Federal and private loans can help fund a student's college career, but experts note that being negligent in paying these loans back could yield negative consequences for someone's credit score.
We sat down with one of these experts to discuss bankruptcy and the dangers it poses to credit. John Heath is the directing attorney for the credit repair consumer service Lexington Law Firm. This company works with consumers to find easy ways to fix their credit scores and improve their financial picture. Heath is an expert on several topics; this time, we chatted with him about student loans and their impact on credit scores.
Q: Do student loans show up on a credit report?
A: Yes. If the student loan lender reports to one or more of the major credit bureaus (Equifax, Experian and TransUnion), student loans can be reported on your credit report.
Q: Do credit scores play a factor in getting a private or federal student loan?
A: With federal student loans, the answer is no. Federal student loan awards are generally based on financial need. Your income or your parents' income is generally taken into account in order to determine whether you will receive a federal student loan and the amount of the loan.
With private loans, the answer is yes. Private loan companies will assess the risk involved with granting a student loan. While the private loan company realizes that most students will not have a substantial credit history, they will rely in part on your credit score in order to make an award. Private loan companies will generally not award a student loan if your credit score is under 650.
Q: Will looking around for interest impact a credit score? (i.e. hard inquiry)
A: If you are looking for the best rate within a focused period (30 days or less), it will most likely not have a big effect on your credit score. It is best to finish your rate shopping within this short, focused amount of time.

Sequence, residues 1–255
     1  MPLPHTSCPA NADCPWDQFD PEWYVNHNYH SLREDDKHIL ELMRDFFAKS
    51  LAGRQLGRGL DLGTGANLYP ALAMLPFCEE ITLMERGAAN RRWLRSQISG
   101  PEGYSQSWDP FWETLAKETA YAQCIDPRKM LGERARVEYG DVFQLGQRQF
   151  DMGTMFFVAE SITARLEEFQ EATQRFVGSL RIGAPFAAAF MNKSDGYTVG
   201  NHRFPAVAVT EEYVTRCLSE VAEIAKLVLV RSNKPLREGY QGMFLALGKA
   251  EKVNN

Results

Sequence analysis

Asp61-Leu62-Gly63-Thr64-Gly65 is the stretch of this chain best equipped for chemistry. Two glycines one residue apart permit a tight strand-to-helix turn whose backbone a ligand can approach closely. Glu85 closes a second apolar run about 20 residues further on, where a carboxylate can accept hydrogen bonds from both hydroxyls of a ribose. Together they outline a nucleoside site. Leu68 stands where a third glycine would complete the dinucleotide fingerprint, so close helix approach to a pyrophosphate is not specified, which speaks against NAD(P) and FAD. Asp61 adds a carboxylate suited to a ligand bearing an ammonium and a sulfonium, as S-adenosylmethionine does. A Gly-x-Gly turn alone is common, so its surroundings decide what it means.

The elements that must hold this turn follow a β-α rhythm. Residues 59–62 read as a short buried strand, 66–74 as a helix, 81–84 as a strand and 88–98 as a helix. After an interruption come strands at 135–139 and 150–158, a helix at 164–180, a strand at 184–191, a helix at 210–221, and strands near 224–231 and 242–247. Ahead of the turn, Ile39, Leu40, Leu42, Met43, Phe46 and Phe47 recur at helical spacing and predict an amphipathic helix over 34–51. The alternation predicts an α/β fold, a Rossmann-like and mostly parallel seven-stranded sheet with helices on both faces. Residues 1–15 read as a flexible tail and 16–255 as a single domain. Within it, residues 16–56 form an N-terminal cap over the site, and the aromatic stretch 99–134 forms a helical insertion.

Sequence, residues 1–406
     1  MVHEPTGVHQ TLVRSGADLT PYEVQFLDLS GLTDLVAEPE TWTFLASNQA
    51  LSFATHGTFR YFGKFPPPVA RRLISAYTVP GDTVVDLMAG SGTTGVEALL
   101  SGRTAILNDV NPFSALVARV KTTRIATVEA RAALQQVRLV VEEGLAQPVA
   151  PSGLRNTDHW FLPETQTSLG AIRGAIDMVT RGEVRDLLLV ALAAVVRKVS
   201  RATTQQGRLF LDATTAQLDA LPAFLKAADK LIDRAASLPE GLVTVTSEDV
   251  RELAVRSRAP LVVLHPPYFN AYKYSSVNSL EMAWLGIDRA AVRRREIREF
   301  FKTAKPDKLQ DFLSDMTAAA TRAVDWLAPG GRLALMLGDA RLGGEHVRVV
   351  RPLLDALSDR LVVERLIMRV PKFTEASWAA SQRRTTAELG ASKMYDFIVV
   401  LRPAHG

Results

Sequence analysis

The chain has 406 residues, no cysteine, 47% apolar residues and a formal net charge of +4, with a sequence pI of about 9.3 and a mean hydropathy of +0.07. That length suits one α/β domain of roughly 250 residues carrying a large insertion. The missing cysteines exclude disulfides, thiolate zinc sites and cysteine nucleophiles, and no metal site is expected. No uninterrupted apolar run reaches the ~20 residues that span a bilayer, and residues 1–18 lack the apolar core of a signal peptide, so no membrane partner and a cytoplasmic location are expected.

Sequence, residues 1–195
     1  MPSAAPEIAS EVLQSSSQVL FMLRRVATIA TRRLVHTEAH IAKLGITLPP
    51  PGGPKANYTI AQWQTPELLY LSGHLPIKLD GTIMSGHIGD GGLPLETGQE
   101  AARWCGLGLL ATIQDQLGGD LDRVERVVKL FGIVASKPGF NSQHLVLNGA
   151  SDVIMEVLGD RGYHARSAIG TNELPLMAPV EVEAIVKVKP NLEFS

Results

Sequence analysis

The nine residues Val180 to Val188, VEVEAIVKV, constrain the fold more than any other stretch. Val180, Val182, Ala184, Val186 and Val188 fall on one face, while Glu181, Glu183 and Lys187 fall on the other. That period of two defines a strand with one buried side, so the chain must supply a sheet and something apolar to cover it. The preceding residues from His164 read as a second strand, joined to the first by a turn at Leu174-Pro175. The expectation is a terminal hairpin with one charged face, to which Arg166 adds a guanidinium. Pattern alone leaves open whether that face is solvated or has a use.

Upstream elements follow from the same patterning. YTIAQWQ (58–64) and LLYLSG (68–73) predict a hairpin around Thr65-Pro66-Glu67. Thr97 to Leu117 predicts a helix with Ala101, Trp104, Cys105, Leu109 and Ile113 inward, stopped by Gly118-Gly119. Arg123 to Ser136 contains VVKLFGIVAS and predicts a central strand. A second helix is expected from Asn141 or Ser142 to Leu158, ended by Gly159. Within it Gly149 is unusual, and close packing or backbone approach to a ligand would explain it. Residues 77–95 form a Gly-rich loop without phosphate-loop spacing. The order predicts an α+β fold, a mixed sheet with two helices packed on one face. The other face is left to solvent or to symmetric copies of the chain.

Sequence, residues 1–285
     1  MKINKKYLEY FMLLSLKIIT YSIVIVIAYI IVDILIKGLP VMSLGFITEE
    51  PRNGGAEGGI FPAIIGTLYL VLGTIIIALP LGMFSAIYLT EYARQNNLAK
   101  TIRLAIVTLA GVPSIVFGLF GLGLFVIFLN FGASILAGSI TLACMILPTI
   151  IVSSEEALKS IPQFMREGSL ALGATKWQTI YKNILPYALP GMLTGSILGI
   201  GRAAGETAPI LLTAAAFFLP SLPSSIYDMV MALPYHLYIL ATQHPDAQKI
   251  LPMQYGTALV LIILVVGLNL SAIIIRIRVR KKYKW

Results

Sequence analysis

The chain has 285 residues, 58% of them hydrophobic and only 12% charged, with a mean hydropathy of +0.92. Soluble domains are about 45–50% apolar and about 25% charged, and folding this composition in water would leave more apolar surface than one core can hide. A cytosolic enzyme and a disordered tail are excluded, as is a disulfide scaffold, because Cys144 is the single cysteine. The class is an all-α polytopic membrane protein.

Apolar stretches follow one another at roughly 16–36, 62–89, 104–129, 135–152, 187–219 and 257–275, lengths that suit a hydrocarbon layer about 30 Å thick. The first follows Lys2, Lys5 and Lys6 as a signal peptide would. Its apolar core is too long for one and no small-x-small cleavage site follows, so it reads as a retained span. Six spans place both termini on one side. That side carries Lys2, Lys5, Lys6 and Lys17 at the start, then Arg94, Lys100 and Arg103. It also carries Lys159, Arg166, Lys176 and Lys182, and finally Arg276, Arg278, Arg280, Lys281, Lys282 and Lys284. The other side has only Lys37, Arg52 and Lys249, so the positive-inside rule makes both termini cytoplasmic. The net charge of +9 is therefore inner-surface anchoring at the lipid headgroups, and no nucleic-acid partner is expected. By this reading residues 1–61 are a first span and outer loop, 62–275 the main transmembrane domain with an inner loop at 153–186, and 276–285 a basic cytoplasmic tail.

Q: Is the rise in tuition affecting how many students apply for educational loans?
A: A rise in tuition will affect how students finance their education. When tuition and books become more expensive, students look to loans to augment savings and scholarships.
Q: Will not paying back a student loan hurt someone's credit score?
A: Yes. If you fail to repay your student loans, your credit score will be hurt. Approximately 35 percent of your credit score is based upon your payment history.
Also, you could be subject to legal action (including judgments) that will further affect your score. This can also affect your ability to be employed by the government or in certain professions such as being an attorney, for example.
Q: Can consumers be sent to collections for not paying student loans? How does this affect a credit score?
A: Yes. Loan lenders can collect from you if you fail to repay your student loans. You could be subject to legal action (including judgments). Both will negatively affect your credit score.
Q: Will paying back student loans while enrolled in college help improve a credit score?
A: Repaying your student loans in a timely manner (even while still enrolled in college) will help maintain or improve your credit score.
Q: Is student loan debt factored into someone's credit utilization ratio or is it different from other loans?
A: Yes, but it is a very small number of points. Student loans are installment loans, meaning you take a certain amount out and make payments on it. Whereas, credit cards are revolving debt, meaning that you are assigned a credit limit and can spend up to that limit. Your credit score is far more impacted by how you utilize revolving credit.
Q: Are you allowed to refinance student loans? If so, will this impact a credit score?
A: Yes, you can refinance your student loans. It generally will not affect your credit score if you refinance.